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Ask the Mental Health Expert Archives 2001-2004

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Epileptic Patient

Q. I am a neurosurgeon in Russia. The patient is a 7-year-old girl who has epilepsy and received treatment for partial seizures in her sleep up to 4 times during the night. She's been suffering from seizures and behavioral disorders for 3 years. Her seizures consist of unilateral clonic movements. An EEG revealed spike wave--slow wave sets. An MRI didn't reveal abnormality.

She was given treatment with valproate without effect up to entry to our department. We have replaced valproate by carbamazepine and the seizures had stopped, but the behavioral disorders still remains. She is aggressive and has mood swings. We have some problems with epileptologist because sometimes patients with epilepsy are treated by neurosurgeons. What can we do to correct her behavior?

A. I appreciate that this is a very challenging case. I am not an epileptologist, so I can't comment specifically on the issue of this patient's seizure disorder. However, as you know, the use of mood-stabilizing anticonvulsants has brought the fields of neurology and psychiatry much closer together in recent years--with some suggesting that a similar process of kindling or neuronal sensitization underlies both epilepsy and bipolar disorder.

Whereas there is no clear co-morbidity between epilepsy and bipolar disorder (see Harden and Goldstein, CNS Drugs 2002;16:291-302 for review), there has been a long-described association between epilepsy and a variety of mood abnormalities. This may include depression, euphoric states, anxiety, etc., which may be pre-ictal, ictal, or post-ictal in nature.

In the case of your patient, I would like to know if the diagnostic criteria for bipolar disorder are actually met; or, are her mood swings a secondary manifestation of her seizure disorder? A family history of bipolar disorder and 24-hour EEG telemetry showing that mood lability is temporally linked with pre-ictal, ictal, or post-ictal states might help clarify this question.

Of course, a full psychiatric evaluation may be useful to make sure there are no major psychosocial factors (such as emotional conflicts in the family) that may be contributing to the picture of aggression and mood lability. From an empirical standpoint, however, there may be reason to consider sequential trials on various anticonvulsants with known or putative mood stabilizing properties; e.g., oxcarbazapine, lamotrigine, or levetiracetam. (For a good review, see Ketter TA, Wang PW. The emerging differential roles of GABAergic and antiglutamatergic agents in bipolar disorders. J Clin Psychiatry. 2003;64 Suppl 3:15-20.)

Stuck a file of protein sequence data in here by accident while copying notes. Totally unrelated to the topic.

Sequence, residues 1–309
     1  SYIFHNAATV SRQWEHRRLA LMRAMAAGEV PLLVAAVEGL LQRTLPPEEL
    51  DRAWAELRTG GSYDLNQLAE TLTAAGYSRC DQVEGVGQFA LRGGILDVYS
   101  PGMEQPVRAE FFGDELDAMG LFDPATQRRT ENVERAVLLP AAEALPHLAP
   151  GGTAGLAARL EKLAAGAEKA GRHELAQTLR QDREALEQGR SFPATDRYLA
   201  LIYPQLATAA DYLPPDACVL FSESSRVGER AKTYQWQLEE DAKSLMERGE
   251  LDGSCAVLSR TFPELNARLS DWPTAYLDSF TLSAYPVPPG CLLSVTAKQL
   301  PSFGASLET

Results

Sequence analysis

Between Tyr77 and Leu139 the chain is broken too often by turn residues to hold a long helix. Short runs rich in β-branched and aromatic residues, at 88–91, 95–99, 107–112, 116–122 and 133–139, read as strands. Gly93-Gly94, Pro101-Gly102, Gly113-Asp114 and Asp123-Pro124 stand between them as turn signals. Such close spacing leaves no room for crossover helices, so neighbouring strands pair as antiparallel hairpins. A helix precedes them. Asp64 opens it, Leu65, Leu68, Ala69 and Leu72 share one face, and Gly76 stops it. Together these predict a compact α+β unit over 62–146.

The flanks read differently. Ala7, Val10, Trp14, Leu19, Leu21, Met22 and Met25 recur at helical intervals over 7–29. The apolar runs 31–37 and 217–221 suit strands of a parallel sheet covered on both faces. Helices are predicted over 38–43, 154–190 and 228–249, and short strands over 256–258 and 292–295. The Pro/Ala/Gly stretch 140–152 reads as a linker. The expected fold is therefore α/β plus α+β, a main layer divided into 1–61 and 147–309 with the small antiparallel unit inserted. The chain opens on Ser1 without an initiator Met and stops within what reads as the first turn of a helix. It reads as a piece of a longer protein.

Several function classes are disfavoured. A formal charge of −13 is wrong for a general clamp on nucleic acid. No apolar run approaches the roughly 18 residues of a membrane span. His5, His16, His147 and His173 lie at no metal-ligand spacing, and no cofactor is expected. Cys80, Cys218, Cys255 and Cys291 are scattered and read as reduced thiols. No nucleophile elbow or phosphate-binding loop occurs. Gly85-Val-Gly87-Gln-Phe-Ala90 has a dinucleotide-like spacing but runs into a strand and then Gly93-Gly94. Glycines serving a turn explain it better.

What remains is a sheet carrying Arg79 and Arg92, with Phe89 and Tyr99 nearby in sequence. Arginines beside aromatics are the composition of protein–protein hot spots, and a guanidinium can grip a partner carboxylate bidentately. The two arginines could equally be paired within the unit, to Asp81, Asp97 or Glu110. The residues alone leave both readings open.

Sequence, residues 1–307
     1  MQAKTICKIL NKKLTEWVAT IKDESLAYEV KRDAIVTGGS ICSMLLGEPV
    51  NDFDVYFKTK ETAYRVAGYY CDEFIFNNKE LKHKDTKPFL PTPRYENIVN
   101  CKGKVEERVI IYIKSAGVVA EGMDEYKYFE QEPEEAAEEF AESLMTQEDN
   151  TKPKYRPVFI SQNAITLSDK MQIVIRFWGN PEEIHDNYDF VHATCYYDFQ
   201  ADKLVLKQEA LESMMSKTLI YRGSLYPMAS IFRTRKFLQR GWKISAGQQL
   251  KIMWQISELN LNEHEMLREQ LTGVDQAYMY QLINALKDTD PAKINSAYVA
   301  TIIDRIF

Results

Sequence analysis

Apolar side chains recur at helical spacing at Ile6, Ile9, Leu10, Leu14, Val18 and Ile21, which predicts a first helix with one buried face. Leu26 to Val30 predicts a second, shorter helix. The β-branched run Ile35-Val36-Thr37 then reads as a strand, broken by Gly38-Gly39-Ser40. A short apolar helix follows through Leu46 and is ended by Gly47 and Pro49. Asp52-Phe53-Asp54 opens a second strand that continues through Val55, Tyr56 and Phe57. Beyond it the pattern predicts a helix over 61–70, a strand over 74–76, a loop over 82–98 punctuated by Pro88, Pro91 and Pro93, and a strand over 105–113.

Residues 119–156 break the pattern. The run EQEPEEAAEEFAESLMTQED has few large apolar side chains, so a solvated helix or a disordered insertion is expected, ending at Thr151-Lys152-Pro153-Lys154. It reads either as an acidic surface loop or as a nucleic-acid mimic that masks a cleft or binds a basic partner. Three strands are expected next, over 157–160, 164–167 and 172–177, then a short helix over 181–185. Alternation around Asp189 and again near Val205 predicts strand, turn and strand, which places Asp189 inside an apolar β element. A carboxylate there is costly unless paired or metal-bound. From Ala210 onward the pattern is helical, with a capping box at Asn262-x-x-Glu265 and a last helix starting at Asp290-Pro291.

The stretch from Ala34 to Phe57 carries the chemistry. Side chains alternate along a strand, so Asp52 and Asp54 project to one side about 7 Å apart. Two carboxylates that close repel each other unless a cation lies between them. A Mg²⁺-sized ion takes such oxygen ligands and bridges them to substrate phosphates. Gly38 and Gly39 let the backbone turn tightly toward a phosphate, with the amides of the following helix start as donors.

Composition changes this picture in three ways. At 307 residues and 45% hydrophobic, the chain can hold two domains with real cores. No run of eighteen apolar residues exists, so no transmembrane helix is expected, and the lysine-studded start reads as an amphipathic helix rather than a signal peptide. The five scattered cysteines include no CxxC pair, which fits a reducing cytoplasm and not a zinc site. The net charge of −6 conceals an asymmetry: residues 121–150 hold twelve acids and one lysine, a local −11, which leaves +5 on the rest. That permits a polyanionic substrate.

Interestingly, the concept of forced normalization may be relevant to your observation that whereas the seizures have stopped with carbamazepine, the behavioral disorder has remained. This hypothesis holds that there is often a reciprocal relationship between seizures and the psychological manifestations of epilepsy. Hence, gaining control of the seizures may not improve control of the behavioral syndrome.

The use of a selective serotonin reuptake inhibitor (SSRI) could be considered if there were not a strong suspicion of a bipolar disorder; however, though SSRIs may have anti-aggression effects, they could increase the likelihood of mania/hypomania or mood destabilization. If anticonvulsant mood stabilizers fail to help the behavioral syndrome, one might consider a trial on low-dose lithium, aiming for blood levels in the very low range (e.g., about 0.4 mEq/L); however, in patients with underlying brain dysfunction, the risk of lithium-related neurotoxicity is substantial.

Beta blockers could also be useful with the aggression, but would not necessarily be helpful for mood swings. Other treatment options of a more theoretical nature might include electroconvulsive therapy (which actually increases the seizure threshold) and trial on a ketogenic diet (which may have both anti-seizure and mood-stabilizing effects, according to some preliminary data--see El-Mallakh and Paskitti, Med Hypotheses 2001;57:724-6). I hope these ideas stimulate a useful re-evaluation of the case.

September 2003

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